ABLAZE by Piers Paul Read

ABLAZE

The Story of Chernobyl

KIRKUS REVIEW

 A dispassionate yet mesmerizing survey of atomic-electric power in the Soviet Union, whose centerpiece is the 1986 explosion at Chernobyl. While Read (On the Third Day, 1991, etc.) never says as much, his detailed, human-scale account could serve as an allegory for the concurrent chain reaction that resulted in the USSR's meltdown. Drawing on previously classified data and on testimony from participating principals, Read recalls Moscow's post-WW II drive to showcase Communist physics through a network of nuclear generating stations. Moving on to the construction of the Chernobyl complex, he documents how material shortages, technical incompetence, bureaucratic snafus, Communist Party interference, and allied constraints ensured the facility's eventual failure. Although operator errors contributed to the accident, Read leaves little doubt that design deficiencies were primarily responsible. Moreover, he reports, after the explosion, the immediate instinct of most apparatchiks was to cover up the fact that the country and its vaunted scientific establishment were neither ready, willing, nor able to respond effectively to a nuclear emergency: Since Soviet reactors were deemed perfectly safe, for example, no evacuation plans had been drawn up. The official death toll was put at 31, while scapegoats were quickly identified and imprisoned. By contrast, Read cites estimates that Chernobyl ulimately could claim more lives than the Soviets lost in WW II, and he notes that fallout has made large areas of Belorussia, Russia, and the Ukraine uninhabitable, perhaps for thousands of years. Partisans on both sides of the nuclear/environmental issue may take exception to the author's agenda-free narrative: Read allows the story and his sources to speak for themselves, eschewing any hint as to whether he believes atomic power to be a blessing or a bane. A top-notch take on a man-made catastrophe and its chilling consequences. (For a look at Chernobyl's aftermath by the plant's former chief engineer, see Grigori Medvedev's No Breathing Room, p. 207.) (Sixteen pages of photos, three maps--not seen)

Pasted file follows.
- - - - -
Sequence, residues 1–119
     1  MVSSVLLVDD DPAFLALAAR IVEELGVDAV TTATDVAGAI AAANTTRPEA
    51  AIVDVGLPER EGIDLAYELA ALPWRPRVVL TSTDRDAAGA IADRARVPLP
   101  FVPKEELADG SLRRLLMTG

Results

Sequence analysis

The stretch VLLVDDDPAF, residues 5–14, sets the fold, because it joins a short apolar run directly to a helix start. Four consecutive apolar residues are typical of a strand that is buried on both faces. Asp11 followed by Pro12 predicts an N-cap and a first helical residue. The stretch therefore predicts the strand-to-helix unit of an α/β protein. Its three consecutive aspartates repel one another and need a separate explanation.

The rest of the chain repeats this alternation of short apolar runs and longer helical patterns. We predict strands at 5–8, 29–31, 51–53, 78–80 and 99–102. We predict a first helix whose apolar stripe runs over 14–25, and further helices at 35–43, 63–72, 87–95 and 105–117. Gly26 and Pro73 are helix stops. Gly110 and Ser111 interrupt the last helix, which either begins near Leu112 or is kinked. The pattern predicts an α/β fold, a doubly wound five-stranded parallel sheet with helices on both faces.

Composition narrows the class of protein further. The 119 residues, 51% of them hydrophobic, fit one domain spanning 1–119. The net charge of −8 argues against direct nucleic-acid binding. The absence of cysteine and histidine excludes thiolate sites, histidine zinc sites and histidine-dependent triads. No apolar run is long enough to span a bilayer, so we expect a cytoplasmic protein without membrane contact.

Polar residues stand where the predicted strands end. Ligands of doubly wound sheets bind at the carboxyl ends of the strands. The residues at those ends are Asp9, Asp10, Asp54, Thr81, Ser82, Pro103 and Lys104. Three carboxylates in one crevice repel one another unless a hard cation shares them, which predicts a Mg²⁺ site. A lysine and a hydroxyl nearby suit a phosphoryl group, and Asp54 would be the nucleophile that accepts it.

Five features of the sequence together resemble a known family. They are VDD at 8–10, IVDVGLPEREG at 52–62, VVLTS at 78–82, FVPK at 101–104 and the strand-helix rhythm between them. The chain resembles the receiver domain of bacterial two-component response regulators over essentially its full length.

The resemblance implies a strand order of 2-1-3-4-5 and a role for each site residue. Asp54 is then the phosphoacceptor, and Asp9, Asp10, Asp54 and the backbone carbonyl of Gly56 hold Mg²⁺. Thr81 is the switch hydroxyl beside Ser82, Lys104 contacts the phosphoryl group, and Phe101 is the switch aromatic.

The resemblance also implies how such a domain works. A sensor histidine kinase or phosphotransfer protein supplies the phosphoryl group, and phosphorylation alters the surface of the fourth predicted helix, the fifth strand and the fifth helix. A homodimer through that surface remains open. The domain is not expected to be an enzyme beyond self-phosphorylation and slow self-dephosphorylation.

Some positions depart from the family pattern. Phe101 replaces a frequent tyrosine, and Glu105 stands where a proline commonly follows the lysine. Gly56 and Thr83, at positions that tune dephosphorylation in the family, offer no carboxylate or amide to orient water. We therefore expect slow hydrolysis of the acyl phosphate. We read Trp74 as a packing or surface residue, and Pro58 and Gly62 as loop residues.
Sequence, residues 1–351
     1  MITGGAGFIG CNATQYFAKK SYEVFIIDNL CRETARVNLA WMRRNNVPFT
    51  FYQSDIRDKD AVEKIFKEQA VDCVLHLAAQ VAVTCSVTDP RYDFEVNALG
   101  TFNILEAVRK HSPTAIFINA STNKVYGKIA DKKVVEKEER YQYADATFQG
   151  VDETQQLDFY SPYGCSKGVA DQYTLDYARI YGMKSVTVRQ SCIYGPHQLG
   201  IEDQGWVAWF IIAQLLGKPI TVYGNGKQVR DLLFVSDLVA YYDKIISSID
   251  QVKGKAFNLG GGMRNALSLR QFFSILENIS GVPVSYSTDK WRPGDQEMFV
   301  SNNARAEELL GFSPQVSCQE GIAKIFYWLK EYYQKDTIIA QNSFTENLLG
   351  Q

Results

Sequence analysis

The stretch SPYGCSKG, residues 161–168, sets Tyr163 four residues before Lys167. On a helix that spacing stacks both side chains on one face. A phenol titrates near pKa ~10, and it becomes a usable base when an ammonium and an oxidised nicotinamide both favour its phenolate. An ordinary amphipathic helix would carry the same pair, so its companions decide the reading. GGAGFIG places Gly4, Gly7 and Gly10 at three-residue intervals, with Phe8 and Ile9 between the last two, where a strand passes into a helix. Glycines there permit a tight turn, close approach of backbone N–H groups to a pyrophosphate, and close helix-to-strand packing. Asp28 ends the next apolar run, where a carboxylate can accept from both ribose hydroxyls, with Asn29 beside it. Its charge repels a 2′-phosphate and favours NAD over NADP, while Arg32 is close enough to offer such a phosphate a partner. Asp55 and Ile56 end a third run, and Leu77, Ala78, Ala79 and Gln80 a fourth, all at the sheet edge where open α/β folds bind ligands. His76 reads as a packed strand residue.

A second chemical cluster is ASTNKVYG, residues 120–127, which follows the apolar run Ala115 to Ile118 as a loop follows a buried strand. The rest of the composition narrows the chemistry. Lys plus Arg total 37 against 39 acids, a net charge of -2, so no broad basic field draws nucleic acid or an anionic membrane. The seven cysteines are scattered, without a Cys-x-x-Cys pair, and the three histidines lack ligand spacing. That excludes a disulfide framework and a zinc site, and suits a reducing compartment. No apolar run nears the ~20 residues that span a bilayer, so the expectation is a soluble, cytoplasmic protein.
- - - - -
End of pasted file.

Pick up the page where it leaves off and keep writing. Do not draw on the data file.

Pub Date: April 1st, 1993
ISBN: 0-679-40819-3
Page count: 416pp
Publisher: Random House
Review Posted Online:
Kirkus Reviews Issue: March 1st, 1993




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